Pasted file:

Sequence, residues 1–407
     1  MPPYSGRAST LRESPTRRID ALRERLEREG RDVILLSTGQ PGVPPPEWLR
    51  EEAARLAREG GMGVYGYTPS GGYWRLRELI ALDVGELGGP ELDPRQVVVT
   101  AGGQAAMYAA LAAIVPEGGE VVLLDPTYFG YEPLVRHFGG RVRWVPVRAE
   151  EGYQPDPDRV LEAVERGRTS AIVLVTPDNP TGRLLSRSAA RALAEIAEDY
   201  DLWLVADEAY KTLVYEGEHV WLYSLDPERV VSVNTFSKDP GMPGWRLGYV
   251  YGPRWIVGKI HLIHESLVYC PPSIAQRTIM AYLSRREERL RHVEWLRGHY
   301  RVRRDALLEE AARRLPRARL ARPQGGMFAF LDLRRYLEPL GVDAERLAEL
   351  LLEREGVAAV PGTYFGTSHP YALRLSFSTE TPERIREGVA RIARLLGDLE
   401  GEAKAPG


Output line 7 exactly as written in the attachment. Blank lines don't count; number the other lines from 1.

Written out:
   251  YGPRWIVGKI HLIHESLVYC PPSIAQRTIM AYLSRREERL RHVEWLRGHY